The Church remains committed to using all her spiritual authority to inform and confirm individual consciences and the moral conscience of each nation in Southern Africa concerning the implications of justice and freedom. As you so clearly emphasize in your Pastoral Letter, "A Call to Build a New South Africa", because the Catholic Church transcends every political, economic or social system (cf. Gaudium et spes, n. 42), her pastors will continue to raise an impartial voice on ethical or moral issues of public debate and on trends in the nation's life. In many ways, both for society and the Church, the process of building a better future will be even more demanding than the struggles of the past. It will require fresh resources of intelligence, wisdom and moral rectitude.

5. By responding to her Lord with ever greater fidelity, the Church becomes that effective sign and sacrament of unity for which she was established (cf. Lumen gentium, n. 1). It is just such fidelity that you seek to foster through the pastoral plans which you have developed or are developing for your particular Churches.

I note with special interest your decision to make the encouragement of small Christian communities a central element of this endeavour. Such a focus, if properly understood, can lead the faithful to a more intense experience of the Church as a communion, a living unity wherein the members share the gifts of grace and make visibly present the one divine life of the Father, the Son and the Holy Spirit (cf. ibid., n. 4). You have wisely seen that the renewal of preaching, catechesis and the liturgy called for by the Second Vatican Council reaches fulfillment in strengthening ecclesial communion. To deepen the sharing of the family of believers in the life of the Trinity strengthens the Church's prophetic witness and her call for justice.

A more intense experience of true Christian fellowship has in many parts of the Church proved to be an effective means for giving pastoral care to young people. For them, awareness of the support of the ecclesial family is especially necessary as they move into their adult roles in the Church and society and face the challenges which accompany their development.

6. In trying to nurture small Christian communities a Bishop's special concern is to see that in every part of the flock there is present the integral life and faith of the whole Catholic Church united around the Successor of Peter. This of course demands a great deal of your attention as pastors. A particular instance of this pastoral responsibility is your overseeing of the teaching of theology in seminaries, colleges and universities and the religious instruction given in schools and parishes. In this you discharge the duty God has laid upon you of ensuring that his people receive the saving truth which is their right as baptized members of the Church. When the Christian community is fully alive in Christ's Spirit, it is filled with zeal for sharing the love of God with others and more readily appears as the efficacious instrument of the salvation for which all human hearts are made.

From renewed Christian communities will come more vocations

7. Strengthening the life of small Christian communities in your particular Churches likewise produces a favourable environment from which God will bring forth priests and religious to serve his People and to carry the light of the Gospel to those who have not yet heard of his love. I understand your anxiety to provide labourers for the vineyard; it is the echo in your hearts of the Good Shepherd's own concern for those whom he treasures more than his own life (cf. Jn 10:11). You can be confident that from Christian communities renewed in grace more young people will be called and that they will be sustained by their brothers and sisters in answering the Lord's invitation.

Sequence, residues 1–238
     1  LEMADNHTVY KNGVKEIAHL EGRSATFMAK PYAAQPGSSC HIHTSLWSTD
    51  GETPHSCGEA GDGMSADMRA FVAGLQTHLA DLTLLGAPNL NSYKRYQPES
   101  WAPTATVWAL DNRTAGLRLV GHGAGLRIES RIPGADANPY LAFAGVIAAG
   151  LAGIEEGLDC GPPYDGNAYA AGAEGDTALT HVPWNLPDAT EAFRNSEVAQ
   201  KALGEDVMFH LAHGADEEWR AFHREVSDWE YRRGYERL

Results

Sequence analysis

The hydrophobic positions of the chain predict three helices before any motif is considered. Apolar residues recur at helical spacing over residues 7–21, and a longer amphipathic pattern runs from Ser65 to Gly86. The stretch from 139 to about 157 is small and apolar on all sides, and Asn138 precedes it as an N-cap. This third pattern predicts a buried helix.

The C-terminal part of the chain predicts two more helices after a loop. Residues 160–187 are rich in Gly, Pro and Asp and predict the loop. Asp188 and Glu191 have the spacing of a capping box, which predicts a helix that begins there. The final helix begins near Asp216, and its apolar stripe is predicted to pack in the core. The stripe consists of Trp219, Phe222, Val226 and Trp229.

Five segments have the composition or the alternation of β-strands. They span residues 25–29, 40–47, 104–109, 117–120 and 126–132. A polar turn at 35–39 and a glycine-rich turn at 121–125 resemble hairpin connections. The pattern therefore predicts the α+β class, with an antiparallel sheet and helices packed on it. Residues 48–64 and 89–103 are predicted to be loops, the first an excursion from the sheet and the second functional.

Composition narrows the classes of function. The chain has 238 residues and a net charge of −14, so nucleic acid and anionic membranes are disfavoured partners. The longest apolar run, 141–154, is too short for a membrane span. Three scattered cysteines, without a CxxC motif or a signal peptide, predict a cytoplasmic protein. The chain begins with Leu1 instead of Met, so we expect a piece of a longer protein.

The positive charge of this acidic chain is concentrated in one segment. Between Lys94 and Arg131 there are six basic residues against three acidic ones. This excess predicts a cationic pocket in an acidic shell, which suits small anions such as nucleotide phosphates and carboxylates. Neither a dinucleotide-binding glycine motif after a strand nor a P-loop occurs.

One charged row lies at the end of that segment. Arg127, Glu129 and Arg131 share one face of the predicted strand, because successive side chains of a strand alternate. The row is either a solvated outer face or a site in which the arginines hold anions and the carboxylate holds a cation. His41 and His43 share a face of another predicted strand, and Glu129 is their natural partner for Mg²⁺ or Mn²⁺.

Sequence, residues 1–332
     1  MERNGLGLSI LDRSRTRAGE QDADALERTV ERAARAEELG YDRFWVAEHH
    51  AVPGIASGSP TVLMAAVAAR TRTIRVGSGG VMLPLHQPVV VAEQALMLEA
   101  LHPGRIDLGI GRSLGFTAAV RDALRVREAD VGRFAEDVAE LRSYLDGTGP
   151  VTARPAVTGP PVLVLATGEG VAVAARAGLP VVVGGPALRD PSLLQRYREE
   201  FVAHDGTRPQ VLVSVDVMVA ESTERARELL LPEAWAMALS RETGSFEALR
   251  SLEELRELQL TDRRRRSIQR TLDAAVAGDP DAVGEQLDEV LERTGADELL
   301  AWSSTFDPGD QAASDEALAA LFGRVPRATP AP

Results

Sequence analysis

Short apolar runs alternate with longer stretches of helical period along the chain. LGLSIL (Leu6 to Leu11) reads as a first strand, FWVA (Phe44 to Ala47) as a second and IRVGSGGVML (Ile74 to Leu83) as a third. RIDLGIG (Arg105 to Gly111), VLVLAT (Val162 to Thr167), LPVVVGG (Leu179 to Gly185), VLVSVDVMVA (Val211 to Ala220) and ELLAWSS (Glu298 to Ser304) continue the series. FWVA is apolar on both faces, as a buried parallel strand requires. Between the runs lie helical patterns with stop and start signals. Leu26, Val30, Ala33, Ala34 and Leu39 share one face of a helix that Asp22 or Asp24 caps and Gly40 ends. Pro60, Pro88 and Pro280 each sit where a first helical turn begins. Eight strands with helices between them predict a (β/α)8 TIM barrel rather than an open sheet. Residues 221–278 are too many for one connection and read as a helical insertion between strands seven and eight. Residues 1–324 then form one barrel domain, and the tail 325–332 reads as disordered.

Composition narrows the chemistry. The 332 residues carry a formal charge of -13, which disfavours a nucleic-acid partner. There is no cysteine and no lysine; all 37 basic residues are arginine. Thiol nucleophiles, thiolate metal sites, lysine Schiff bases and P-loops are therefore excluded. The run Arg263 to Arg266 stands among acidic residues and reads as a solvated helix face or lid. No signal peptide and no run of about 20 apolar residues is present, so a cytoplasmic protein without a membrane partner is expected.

In the work of guarding and guiding Christ's flock, the Bishop's chief coworkers are the members of his presbyterate. I am aware of the remarkable generosity of your priests, and I am confident that you will continue to support them by your fatherly and fraternal care. In the circumstances of the present day, a form of assistance and support which priests especially need is the affirmation of the indispensable worth of their ministry for the eternal salvation of those entrusted to their care. Theirs is the work of Christ. In explaining the vocation, mission and consecration of priests, the Apostolic Exhortation Pastores dabo vobis affirms that "the priest's fundamental relationship is to Jesus Christ, Head and Shepherd. Indeed, the priest participates in a specific and authoritative way in the `consecration/anointing' and in the `mission' of Christ.... In this way priests, like the Apostles, act as ambassadors of Christ" (n. 16). This truth about the ministerial priesthood is the heart of every priest's self-understanding, no matter what the particular context is in which the Lord sends him to serve. Only by building on this foundation will the formation of future priests and the permanent formation of those who are already ordained bring forth fruit that will last (cf. Jn 15:16). The identity, which all priests - diocesan and religious - share with the Good Shepherd, is the motive and well-spring for their pastoral charity and their fraternal cooperation in caring for his flock.

8. Dear brother Bishops, my remarks to you today cannot hope to respond fully to the diversity and complexity of the circumstances in which you exercise your ministry. What is essential is that we should be united in ensuring that the genuine ecclesiological vision bequeathed to us by the Second Vatican Council is the source of our preaching and pastoral leadership. We know that the Church is much more than an instrument of human progress or social change. She is the field of God (cf. 1 Cor 3:9) the spouse of Christ (cf. Rv 21:2), the temple in which the Spirit dwells (cf. 1 Cor 3:16). She is "our Mother" (Gal 4:26) who moulds us into Christ's image until he is fully formed in us (cf. Gal 4:19). She is the place of encounter with the living Christ. As the Council reminded us: "The conditions of this age lend special urgency to the Church's task of bringing all men to full union with Christ" (Lumen gentium, n. 1). Not an imaginary Christ who would be no more than the projection of too earthly aspirations, but "Christ crucified... Christ the power of God and the wisdom of God" (1 Cor 1:23-24). Only in union with the Incarnate Son of the Father will your peoples be truly liberated and truly blessed with life and peace.

In my love and concern for you and your communities, I remember in my prayers all the people of Southern Africa. Commending you and all the faithful of Botswana, Namibia, South Africa and Swaziland to Mary, Mother of God, I impart my Apostolic Blessing.


Teachings of the Magisterium on Abortion